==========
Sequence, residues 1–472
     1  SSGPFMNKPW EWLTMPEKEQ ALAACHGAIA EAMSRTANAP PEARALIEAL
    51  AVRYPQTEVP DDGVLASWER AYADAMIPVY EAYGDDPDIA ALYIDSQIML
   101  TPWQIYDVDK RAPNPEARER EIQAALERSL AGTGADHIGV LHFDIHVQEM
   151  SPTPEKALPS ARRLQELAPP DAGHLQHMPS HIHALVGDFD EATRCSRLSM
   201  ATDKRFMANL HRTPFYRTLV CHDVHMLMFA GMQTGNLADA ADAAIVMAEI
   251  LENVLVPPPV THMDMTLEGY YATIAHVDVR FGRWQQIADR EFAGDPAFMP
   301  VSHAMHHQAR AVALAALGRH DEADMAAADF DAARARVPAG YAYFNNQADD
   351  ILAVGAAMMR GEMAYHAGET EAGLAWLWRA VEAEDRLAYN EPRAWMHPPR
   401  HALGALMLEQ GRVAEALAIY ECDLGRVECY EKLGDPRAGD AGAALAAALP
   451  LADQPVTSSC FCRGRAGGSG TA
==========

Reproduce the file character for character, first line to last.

Sequence, residues 1–472
     1  SSGPFMNKPW EWLTMPEKEQ ALAACHGAIA EAMSRTANAP PEARALIEAL
    51  AVRYPQTEVP DDGVLASWER AYADAMIPVY EAYGDDPDIA ALYIDSQIML
   101  TPWQIYDVDK RAPNPEARER EIQAALERSL AGTGADHIGV LHFDIHVQEM
   151  SPTPEKALPS ARRLQELAPP DAGHLQHMPS HIHALVGDFD EATRCSRLSM
   201  ATDKRFMANL HRTPFYRTLV CHDVHMLMFA GMQTGNLADA ADAAIVMAEI
   251  LENVLVPPPV THMDMTLEGY YATIAHVDVR FGRWQQIADR EFAGDPAFMP
   301  VSHAMHHQAR AVALAALGRH DEADMAAADF DAARARVPAG YAYFNNQADD
   351  ILAVGAAMMR GEMAYHAGET EAGLAWLWRA VEAEDRLAYN EPRAWMHPPR
   401  HALGALMLEQ GRVAEALAIY ECDLGRVECY EKLGDPRAGD AGAALAAALP
   451  LADQPVTSSC FCRGRAGGSG TA